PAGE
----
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10 Ways Graphene Can Make a Better World

The world’s strongest material- graphene, never fails to impress, with its numerous applications in various fields and industries. We decided to show you some of its greatest uses, hoping that at least one of them, if not all, will come in handy at some point in your life.

graphene rusted car 660 300x196 10 Ways Graphene Can Make a Better World1. Goodbye rusting. Graphene is a well-known material for repelling water, while being highly conductive. This combination guarantees that steel will be kept away from any contact with water, which slows down oxidizing of iron. Coatings have already been designed and tested, and it could well be the solution to car rusting.
graphene speaker 660 300x196 10 Ways Graphene Can Make a Better World2. Clear sound. Graphene is known to transmit energy from electrical current to produce sound, instead of vibrating diaphragm. This property of the material makes it perfect for being used in speakers. Researchers from University of Texas already tested this by putting a very thin layer onto glass and two types of plastic. The result was truly impressive.
graphene supercapacitors 660 300x196 10 Ways Graphene Can Make a Better World3. Graphene supercapacitors instead of batteries. It might just be the missing ingredient, which will allow a capacitor to store much more energy. We can expect that in the very near future, graphene supercapacitors, will not only replace conventional batteries, but will be able to store sufficient quantities of energy to power electronics and even electric cars.
graphene nuclear waste 660 300x196 10 Ways Graphene Can Make a Better World4. No more radioactive waste. Graphene was found to be extremely good in cleaning radioactive waste, according to researchers at Rice University. Its oxide binds to radioactive elements to form easily collectable clumps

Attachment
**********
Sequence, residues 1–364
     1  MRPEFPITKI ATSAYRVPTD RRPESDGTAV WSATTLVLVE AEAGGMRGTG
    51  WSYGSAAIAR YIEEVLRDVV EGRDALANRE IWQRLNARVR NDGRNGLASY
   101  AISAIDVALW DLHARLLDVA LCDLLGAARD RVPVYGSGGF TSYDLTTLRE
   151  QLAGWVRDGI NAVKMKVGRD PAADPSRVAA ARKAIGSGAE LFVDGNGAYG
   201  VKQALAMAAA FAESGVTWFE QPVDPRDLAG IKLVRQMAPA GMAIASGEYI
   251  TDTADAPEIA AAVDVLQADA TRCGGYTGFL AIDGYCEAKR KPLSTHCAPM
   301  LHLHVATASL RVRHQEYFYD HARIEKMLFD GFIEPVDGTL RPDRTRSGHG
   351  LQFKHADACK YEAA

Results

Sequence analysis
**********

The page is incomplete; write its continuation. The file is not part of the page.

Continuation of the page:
graphene chip ibm 660x433 300x196 10 Ways Graphene Can Make a Better World5. Electronic Circuits. When graphene is used in computers instead of silicon semiconductor chips, it was found that the computer can process binary code much faster, due to its much better conductivity. Graphene-based processors are already developed by major computer companies such as IBM.
graphene artificial muscle 660x433 300x196 10 Ways Graphene Can Make a Better World6. Strong artificial muscles. Because sheets of graphene are very difficult to flatten, scientists at Duke University decided to attach the material to a pre-stretched rubber sheet. They established that graphene remains crumbled even when the rubber sheet was no longer flat. When they ran an electrical current through it, layered with polymer, it expanded and contracted, creating a strong artificial muscle.
graphene foam 660 300x196 10 Ways Graphene Can Make a Better World7. Detecting explosives. Scientists at Rensselaer Polytechnic Institute discovered that graphene foam can detect small concentrations of the key ingredients in explosives- nitrates and ammonia. All that is needed is a sensor as small as a postage stamp.
graphene nanopore 660x433 300x196 10 Ways Graphene Can Make a Better World8. Sorting DNA molecules. This is possible by controlling the size of the pores of graphene. The technique is much cheaper than regular DNA sequencing, according to San Francisco-based Life Technologies.
graphene bullet proof vests 660 300x196 10 Ways Graphene Can Make a Better World9. Bullet-proofing. According to Australian researchers, a material made of graphene and carbon nanotubes, added to a polimer, makes up a much stronger fibre than Kevlat. These fibres can not only be used in bulletproof vests, but they can also be added to other materials to make them stronger.
graphene night vision 660 300x196 10 Ways Graphene Can Make a Better World10. Seeing in the dark. A thin layer of graphene, dotted with lead sulphide can create an ultra-sensitive photodetector. This invention was developed by researchers at the Institute of Photonic Sciences in Barcelona, who claim that it could be used to make thinner cameras and much more effective night vision goggles.

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About the author

Mila is a researcher and scientist with a great passion for soils, rocks, plants, water and all environment-related aspects of our surroundings. For the past 10 years, during the course of her educational and professional development, she travelled all over Europe, Africa and Asia, driven by her passion for the environment and urge to seek challenges.


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